Take the futuristic corporate malfeasance of “The Matrix” and the race to find the post-plague cure of “28 Days Later,” add vampires, and you’ve got “Daybreakers,” the sophomore feature for twin Aussie writer-directors Michael and Peter Spierig (following cheeky 2003 zombie flick “Undead”). The novel hook has nearly all humanity turned vamp, with the mortal population — and their valuable blood — thus nearing extinction. However, the script doesn’t wring many surprises or much character involvement from the premise, and the brothers’ helming, while slick, is short on scares, action setpieces and humor. Lionsgate plans a January Stateside release for this Australia-U.S. co-production; prospects look decent but unspectacular in all markets…read more [Variety]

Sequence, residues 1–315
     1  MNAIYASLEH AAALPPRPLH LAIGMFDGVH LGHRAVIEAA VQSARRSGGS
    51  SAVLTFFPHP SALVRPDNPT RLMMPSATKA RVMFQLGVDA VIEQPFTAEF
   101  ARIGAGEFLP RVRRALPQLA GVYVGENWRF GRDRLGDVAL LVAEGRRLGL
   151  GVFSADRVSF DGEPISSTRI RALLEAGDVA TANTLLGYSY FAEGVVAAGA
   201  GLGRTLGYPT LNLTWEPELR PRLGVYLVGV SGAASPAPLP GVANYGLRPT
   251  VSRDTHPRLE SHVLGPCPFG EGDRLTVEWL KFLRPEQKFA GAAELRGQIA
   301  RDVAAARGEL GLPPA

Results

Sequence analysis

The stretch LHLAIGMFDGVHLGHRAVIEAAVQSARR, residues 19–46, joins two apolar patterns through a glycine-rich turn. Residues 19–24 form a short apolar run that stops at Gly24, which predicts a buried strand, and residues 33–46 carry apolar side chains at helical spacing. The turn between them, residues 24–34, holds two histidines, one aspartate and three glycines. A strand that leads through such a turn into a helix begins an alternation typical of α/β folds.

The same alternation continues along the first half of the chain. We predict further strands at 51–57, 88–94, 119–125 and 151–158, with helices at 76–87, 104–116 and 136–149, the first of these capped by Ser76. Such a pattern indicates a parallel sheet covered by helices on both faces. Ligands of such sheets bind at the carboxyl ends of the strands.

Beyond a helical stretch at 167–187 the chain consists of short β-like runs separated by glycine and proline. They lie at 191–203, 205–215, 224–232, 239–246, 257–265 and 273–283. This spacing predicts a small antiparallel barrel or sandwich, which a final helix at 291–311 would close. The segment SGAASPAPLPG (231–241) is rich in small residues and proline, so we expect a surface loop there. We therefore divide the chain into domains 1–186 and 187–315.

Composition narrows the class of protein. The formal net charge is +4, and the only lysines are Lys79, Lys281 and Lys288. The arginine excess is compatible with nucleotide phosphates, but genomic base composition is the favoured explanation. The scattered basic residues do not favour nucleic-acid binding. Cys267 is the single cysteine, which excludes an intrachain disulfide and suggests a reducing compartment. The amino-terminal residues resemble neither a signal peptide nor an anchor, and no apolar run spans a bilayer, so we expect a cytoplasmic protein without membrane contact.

I don’t want to oversell the commentary of Daybreakers, but it’s a huge part of what made the film work for me. The main story – Edward trying to find a cure – is clunky, and there’s a side story or two that never quite gel. For those less enthralled with the world the Spierigs have created, these stunted stories could be deal-breakers. But for me they’re more than made up for by excellent action scenes – many of which are wonderfully wet – and strong character work by a trio of seasoned actors. Ethan Hawke does a lot of his Ethan Hawke thing – wounded, quiet, greasy – but for me it works in the role. More interesting is Sam Neill as the bad guy with a slight conscience, and Willem Dafoe as the human survivor who holds the key to the future. Dafoe has made a weird choice to play his character with a Southern accent that comes in and out, but that almost feels intentional. His character calls himself Elvis, and has an affinity for old muscle cars, so it’s easy to buy that the accent is a put on. Neill’s corporate baddie, Bromley, is one of those great bad guys who always keeps his cool, and who is always one step ahead of the heroes. I wish that Neill and Dafoe had scenes together, since they’re coming at their characters from such opposite ends, which I think would have created something really explosive…read more [CHUD]